Deborah Levy, in conversation with Anita Desai at the May 2013 Sydney Writers’ Festival, alluded to the apt and oft-stated comment that Desai is a quiet writer. But, she added, Desai is only quiet if one is not listening properly. I admit that I can sometimes be an inattentive reader. My literary education has ended up focusing on the macro, on things that jump out, demand to be noticed, are suggestive of trends. And Desai’s writing doesn’t do this on the surface. But I found The Artist of Disappearance fascinating in a couple of ways.
This short book consists of three novellas, or long short stories: “The Museum of Final Journeys”, “Translator Translated”, and the title piece. Desai is one of those writers who was writing in English in India long, long before it was common. Her first work dates to the early 1960s, a good couple of decades before Rushdie’s Midnight’s Children, that epic work of magic realism that made it internationally known that Indians did, indeed, write in English. Aside from being of a different generation to most contemporary Indian English-language writers, Desai’s long-spanning career puts her in a different category of analysis to them. There is very little in common between the work of Desai and Aravind Adiga, or Arundhati Roy, or Anjum Hasan. But she is certainly not an anomaly, as there are striking similarities between her work in The Artist of Disappearance and other established female Indian writers who write in languages such as Bengali or Malayalam or Hindi. And I don’t just mean in terms of content–though the predominantly rural or small-town settings of these novellas do suggest this–but in terms of style, too. Desai’s acclaimed quietness, her subtlety and realism is also clearly evident in the work of writers such as Anita Agnihotri (Bengali), Bani Basu (Bengali) or Indira Goswami (Assamese), and many others (see Kali for Women’s Truth Tales or The Slate of Life, or the second volume of Tharu and Lalita’s Women Writing in India for brilliant introductions, if you need them). I’ve encountered such work in English translation, through collections of Indian women’s writing, and while it is always a tricky thing trying to make comparisons between a text in its original language and others in translation, I do believe it is more than just coincidence that links Desai’s fiction to these older, established writers in various Indian languages. There is a common ethos evident.
The middle novella in The Artist of Disappearance was one the one that I found most exciting, but there are personal connections that lead me to say this. Other readers are likely to find the characterisation of the frumpy, slightly miserable literature teacher-turned-translator in “Translator Translated” charming and amusing, but I may be the only reader who laughed out loud with excitement over this story. This was my PhD topic condensed into a novella! With some of the drier, more theoretical aspects of feminist theory left out, obviously. The said protagonist, Prema, meets an old school friend, Tara, at a reunion, who was at the peak of a successful career as the head of India’s first feminist press (Urvashi Butalia and Ritu Menon rolled into one!) Prema’s PhD research had been on the work of an Oriya woman writer who lived and worked amongst the tribals of Orissa (a less fiery Mahasweta Devi!) Prema ends up translating some of this writer’s work into English for Tara’s publishing house so that it can reach the audience that she thinks it deserves (my Chapter Two!) At a literary conference Prema and Tara are faced with that inevitable, important, but ultimately unproductive question:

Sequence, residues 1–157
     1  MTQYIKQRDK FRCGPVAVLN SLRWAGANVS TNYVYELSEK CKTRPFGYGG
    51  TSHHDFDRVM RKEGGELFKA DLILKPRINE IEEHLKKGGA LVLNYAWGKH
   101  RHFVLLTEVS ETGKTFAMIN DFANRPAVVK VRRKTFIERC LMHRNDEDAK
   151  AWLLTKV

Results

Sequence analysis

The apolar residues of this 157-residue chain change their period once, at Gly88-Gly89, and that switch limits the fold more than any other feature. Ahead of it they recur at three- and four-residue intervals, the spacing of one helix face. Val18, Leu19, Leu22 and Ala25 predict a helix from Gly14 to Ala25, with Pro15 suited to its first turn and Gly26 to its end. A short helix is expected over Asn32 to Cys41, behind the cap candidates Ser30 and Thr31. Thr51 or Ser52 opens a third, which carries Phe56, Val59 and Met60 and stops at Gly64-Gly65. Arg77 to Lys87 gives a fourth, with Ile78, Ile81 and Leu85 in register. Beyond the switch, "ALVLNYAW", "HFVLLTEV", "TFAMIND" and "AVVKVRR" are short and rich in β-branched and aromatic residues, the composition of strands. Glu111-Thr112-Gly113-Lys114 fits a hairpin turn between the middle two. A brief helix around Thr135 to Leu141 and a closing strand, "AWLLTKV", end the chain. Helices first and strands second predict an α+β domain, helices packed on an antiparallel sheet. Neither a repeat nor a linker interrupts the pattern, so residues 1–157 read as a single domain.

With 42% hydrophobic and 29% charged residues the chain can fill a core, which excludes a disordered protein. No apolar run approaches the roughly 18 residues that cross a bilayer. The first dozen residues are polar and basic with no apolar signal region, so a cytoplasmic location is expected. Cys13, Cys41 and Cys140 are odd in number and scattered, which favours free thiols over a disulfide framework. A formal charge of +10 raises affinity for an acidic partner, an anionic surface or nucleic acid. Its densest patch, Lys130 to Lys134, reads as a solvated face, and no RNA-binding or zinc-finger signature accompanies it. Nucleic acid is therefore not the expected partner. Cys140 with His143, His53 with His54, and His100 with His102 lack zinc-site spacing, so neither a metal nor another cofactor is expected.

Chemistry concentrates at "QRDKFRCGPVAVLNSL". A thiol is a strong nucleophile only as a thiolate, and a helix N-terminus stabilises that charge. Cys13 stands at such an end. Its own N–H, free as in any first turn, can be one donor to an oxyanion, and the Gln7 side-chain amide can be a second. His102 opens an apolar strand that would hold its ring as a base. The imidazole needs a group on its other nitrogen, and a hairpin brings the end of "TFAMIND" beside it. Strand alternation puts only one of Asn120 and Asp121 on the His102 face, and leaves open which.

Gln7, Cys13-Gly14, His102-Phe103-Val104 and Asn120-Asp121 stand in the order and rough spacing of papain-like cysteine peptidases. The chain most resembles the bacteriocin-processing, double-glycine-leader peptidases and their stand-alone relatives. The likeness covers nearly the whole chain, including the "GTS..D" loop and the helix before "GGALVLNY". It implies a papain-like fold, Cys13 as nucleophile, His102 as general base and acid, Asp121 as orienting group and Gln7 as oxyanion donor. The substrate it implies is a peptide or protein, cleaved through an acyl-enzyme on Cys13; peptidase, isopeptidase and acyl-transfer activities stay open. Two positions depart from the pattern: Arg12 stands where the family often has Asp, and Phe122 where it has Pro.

‘What made you decide to translate these stories into a colonial language that was responsible for destroying the original language?’
Blank, blank, blank.
Then, blinking, and under an expectant stare from Tara, she stammers out the words, ‘But the stories–the stories prove–don’t they?–it is not destroyed. It exists.’
A flash from Tara’s dark glasses, approving, encouraging. So Prema goes on: ‘And isn’t the translation–the publication of the translation–a way of preventing it from–ah, loss? And proving it exists to, to–the public?’
‘What public are you addressing?’ The pudgy map adopts a more belligerent tone now that he had found the person at whom he can direct it. ‘The English-speaking world?’ he asks rhetorically. ‘The international public? Why? Doesn’t it already have a readership here?’
‘Isn’t it–isn’t it important,’ Prema flusters on as if she were one of her own students being interrogated, ‘to make it more widely known?’
‘To whom is it important? To the writer? To the reader? To what readers? Here in Hindustan? Or in the West? Employing a Western language indicates your wish to win a Western audience, does it not?’
Things go a little bit wrong in Prema’s new translating career, however, when her ego takes over. I found this a fascinating story, connecting so many strands of my own research as it did–women’s writing, feminist publishing, language issues in India. At the Sydney Writers’ Festival sessions in which Desai appeared, she was, predictably, asked about her own language use, but if I’d been interviewing her I would have loved to ask whether in this story she was intentionally parodying the literary scene that she invokes, or whether it was simply a vehicle for her to address the questions of translation in a multi-lingual environment.
(The Artist of Disappearance, Noida, UP: Random House India, 2012, paperback)